Voting at the polls in Florida hasn’t begun, but voters are already reporting problems. (Photo by Eliza Brown.)

By Ashley Lopez
Florida Center for Investigative Reporting

Floridians don’t begin voting at the polls until tomorrow, but already there are reports suggesting that voters and local officials are going to face a complicated, potentially problematic election.

Already, news outlets are reporting on some problem areas.

This year, absentee ballot requests in Florida are at an all-time high. Because lines are going to be longer than usual due to a historically long ballot in Florida, groups from both parties have been recommending that voter use absentee ballots.

But absentee ballots come with their own sets of problems. For one, there aren’t laws in place to safeguard against absentee ballot fraud, which is the leading type of voter fraud in Florida.

According to the Associated Press, mistakes are also more likely when voters use absentee ballots:

The rise in popularity of mail-in absentee voting around the country also increases the risk of mistakes, lost votes and even fraud, according to election experts and researchers. A recent study by the Caltech-MIT Voting Technology Project of California absentee votes over two decades found that they are twice as prone not to be counted as votes cast on more modern voting machines.

The study estimated that in 2008 as many as 21 percent of absentee ballots requested nationwide never made it back to elections officials to be counted. Although that number may be inflated and could include people who simply decided not to vote absentee after all, study co-author Charles Stewart III of the Massachusetts Institute of Technology said it still raises a red flag.

“We have possibly gotten way ahead of ourselves in encouraging people to vote by mail,” said Stewart, a political science professor. “It’s pretty clear that the improvement we’ve gotten by having better voting machines in the precincts may be given back by having more and more people voting at home.”

Barely 5 percent of the total vote nationwide 40 years ago, mail-in absentee voting accounted for 16 percent of ballots in the 2008 election and is forecast to easily surpass that level this year. Many states have removed requirements that voters give a reason for voting absentee, such as a foreign business trip or military service. Oregon and Washington now conduct entirely mail-in elections.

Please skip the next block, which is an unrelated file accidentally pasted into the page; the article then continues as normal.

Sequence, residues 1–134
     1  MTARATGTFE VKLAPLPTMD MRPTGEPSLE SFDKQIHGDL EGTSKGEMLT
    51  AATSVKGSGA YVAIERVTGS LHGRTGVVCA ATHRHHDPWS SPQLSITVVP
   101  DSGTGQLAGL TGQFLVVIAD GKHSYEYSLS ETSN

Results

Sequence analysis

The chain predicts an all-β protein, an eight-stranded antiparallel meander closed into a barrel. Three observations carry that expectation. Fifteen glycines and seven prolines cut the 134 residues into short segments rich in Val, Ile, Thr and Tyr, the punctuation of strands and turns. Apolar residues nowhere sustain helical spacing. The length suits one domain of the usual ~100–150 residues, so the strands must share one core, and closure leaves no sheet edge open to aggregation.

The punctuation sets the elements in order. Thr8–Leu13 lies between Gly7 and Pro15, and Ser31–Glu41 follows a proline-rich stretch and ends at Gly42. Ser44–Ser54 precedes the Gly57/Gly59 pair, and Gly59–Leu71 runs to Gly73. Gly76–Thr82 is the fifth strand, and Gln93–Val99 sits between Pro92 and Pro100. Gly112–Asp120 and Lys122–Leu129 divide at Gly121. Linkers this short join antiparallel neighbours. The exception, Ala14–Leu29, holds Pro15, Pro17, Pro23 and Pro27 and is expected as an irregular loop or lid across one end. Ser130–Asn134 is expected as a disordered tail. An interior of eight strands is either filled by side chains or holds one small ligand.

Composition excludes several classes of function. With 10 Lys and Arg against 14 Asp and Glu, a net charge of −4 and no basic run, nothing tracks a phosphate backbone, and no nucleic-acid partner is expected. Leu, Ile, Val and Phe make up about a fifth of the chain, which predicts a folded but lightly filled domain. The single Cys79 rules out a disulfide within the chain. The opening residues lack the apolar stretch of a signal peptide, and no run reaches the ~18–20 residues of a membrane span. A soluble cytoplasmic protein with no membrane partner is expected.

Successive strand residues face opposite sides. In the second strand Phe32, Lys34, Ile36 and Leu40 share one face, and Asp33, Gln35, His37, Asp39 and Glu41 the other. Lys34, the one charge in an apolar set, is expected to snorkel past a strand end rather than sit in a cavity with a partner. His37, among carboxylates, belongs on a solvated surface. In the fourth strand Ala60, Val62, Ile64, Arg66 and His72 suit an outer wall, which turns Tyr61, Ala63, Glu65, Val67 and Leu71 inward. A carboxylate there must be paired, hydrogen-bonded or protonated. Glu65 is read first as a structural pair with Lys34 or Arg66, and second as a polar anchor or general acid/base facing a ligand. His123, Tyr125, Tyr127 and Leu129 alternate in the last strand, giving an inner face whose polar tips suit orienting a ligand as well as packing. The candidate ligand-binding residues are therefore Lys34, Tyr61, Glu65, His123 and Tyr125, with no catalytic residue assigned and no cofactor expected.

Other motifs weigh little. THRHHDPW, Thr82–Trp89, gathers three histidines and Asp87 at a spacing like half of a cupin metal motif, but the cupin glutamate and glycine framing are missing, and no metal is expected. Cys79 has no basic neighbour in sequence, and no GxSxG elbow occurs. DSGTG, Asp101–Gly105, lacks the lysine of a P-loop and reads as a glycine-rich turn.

Much of the national debate on voter access this year has focused on such issues as whether a picture ID should be required at a polling place or whether ineligible people are improperly registered. But many experts say the chances for problems in the mail-in absentee system are much greater.

Then there are the contents within the ballot.

In Florida, voters will have to read through and vote on 11 long, confusingly worded amendments.

In fact, the ballot this year is long because some amendments are more than 600 words. Many voters will also go to the polls without any familiarity of these amendments.

The Associated Press reports:

The League of Women Voters of Florida says it’s gotten more than 1,000 calls from voters who are confused and frustrated over the 11 proposed state constitutional amendments on the Nov. 6 ballot.

League President Dierdre Macnab said on Thursday that the problem isn’t with the voters but with the Florida Legislature.

Macnab said the problem is a law the Legislature passed last year. It exempts amendments placed on the ballot by the Legislature from rules that citizens initiatives must follow. That includes court reviews of ballot titles and summaries to make sure they are clear and accurate and a 75-word limit on summaries.

Typically, in past elections, many voters were familiar with an amendment because citizen-led ballot measure campaigns have to collect signatures around the state for years and must educate the public before the proposed amendment even gets on the ballot.

However, with legislatively referred amendments, that isn’t the case — and this year all 11 ballot measures are legislatively referred.

Finally, voters in Florida are already facing several misinformation campaigns aimed at keeping them from the polls.

Because Florida is a swing state, voters here are more likely to face some type of fraudulent information. Think Progress reports that already Floridians have had to look out for two types of misinformation:

  • Phone voting. Residents in Florida, Indiana and Virginia are receiving mysterious phone calls telling them they can vote by phone instead of going to the polls. Virginia’s board of elections has received at least 10 complaints, mostly from seniors, though the total number of people affected by these calls is unclear.
  • Fake voter purge letters. Also in Florida, a mass mailing of fake letters questioning voters’ citizenship is being investigated. The letter, written on fake letterhead of a local county’s Supervisor of Elections, tells recipients in 23 counties to fill out a “voter eligibility form” with their Social Security information, Florida drivers licence number, and addresses. The letter claims the recipients must send the form to the Supervisor of Elections within 15 days or be purged from the rolls — mimicking actual purge letters ordered by Florida governor Rick Scott (R) challenging 200 Floridians’ citizenship.

It’s important to note that, despite all of this everyone, should vote  and demand that their vote be counted.

Long lines should not dissuade anyone from voting. Just because some absentee ballots might have problems doesn’t mean no one should vote absentee. It is the job of every election official in the state to solve these problems, but it is also the job of the voter to be persistent and vigilant.

This is a big election, and Florida is in the middle of it.